Inflammation and Cancer

The role of the immune response and angiogenesis
  • Angus G. Dalgleish
  • Ken O’Byrne
Part of the Cancer Treatment and Research book series (CTAR, volume 130)


The link with chronic inflammation and cancer has been recognized for certain cancers for several decades. However, only recently has the biology of chronic inflammation begun to be understood, to the point that it may play a major role in tumour development. The biology of chronic inflammation has many similarities with that of wound healing. In particular, local cell mediated immunity is attenuated and angiogenesis is increased along with other growth factors. When present long term, this provides the ideal environment for mutated cells to be nurtured and escape immune surveillance. It is of note that this process still appears to take two or three decades, as witnessed by the close association between chronic ulcerative colitis and colon cancer as well as chronic hepatitis and hepatocellular carcinoma. Closer study of the inflammatory pathways show the close interaction with apoptosis and antiapoptotic pathways, as well as the main tumour suppressor genes, such as p53, as well as a number of growth factors, such as the insulin-like growth factor. A full study of these processes reveals that there are key molecules in these pathways which may provide therapeutic as well as anti-inflammatory targets.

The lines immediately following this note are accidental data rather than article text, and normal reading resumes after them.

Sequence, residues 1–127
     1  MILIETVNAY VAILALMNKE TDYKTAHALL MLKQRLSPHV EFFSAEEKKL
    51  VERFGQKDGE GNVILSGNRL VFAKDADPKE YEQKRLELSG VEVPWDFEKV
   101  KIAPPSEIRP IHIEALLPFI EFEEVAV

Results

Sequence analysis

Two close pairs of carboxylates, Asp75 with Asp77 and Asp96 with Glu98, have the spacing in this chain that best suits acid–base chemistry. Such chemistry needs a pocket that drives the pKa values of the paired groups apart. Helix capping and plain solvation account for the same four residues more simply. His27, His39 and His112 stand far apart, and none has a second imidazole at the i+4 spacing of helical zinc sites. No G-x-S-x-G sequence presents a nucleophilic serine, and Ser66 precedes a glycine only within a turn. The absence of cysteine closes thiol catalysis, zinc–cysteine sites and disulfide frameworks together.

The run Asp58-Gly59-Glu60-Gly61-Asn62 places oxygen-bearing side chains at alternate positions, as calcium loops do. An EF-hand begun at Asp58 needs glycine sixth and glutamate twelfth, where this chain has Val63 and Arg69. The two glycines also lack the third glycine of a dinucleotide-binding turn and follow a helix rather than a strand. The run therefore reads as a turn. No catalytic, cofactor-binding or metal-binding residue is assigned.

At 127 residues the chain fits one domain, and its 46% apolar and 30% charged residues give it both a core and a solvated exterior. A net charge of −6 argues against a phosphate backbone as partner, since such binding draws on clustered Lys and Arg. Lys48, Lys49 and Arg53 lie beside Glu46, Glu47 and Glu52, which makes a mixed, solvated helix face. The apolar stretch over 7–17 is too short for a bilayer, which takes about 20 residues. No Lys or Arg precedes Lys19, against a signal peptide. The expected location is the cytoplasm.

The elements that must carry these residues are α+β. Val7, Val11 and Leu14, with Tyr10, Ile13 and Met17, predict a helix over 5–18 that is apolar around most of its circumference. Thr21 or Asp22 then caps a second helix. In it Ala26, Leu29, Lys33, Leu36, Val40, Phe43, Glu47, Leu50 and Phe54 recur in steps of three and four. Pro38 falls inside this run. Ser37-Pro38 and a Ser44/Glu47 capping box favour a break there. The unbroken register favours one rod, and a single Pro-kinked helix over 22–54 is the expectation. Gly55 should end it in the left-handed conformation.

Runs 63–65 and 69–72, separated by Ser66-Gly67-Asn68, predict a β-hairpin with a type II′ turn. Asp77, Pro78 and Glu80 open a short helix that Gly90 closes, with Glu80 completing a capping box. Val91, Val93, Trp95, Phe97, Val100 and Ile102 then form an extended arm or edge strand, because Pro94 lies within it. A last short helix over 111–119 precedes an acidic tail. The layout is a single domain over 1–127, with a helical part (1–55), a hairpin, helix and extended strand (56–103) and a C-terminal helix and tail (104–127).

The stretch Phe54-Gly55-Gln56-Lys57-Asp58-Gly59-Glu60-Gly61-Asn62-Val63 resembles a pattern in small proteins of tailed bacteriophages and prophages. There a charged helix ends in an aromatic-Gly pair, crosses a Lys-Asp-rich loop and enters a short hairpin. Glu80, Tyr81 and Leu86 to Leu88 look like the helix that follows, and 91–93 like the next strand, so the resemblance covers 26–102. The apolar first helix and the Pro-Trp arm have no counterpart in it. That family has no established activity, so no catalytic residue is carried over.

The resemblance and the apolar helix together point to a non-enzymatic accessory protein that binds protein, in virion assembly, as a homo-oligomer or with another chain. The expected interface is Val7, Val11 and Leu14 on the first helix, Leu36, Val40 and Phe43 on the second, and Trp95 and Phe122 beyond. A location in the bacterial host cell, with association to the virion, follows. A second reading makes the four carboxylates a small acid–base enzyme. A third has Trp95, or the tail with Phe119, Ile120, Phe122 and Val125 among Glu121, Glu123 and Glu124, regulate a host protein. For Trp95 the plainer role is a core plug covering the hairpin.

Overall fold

Vascular Endothelial Growth Factor Epstein Barr Virus Human Papilloma Virus Cervical Intraepithelial Neoplasia Acquire Immune Deficiency Syndrome 
These keywords were added by machine and not by the authors. This process is experimental and the keywords may be updated as the learning algorithm improves.


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Copyright information

© Springer Science+Business Media, Inc. 2006

Authors and Affiliations

  • Angus G. Dalgleish
    • 1
  • Ken O’Byrne
    • 2
  1. 1.Division of OncologySt. George’s Hospital Medical SchoolLondonUK
  2. 2.Medical OncologySt James’s Hospital and Trinity CollegeDublinIreland

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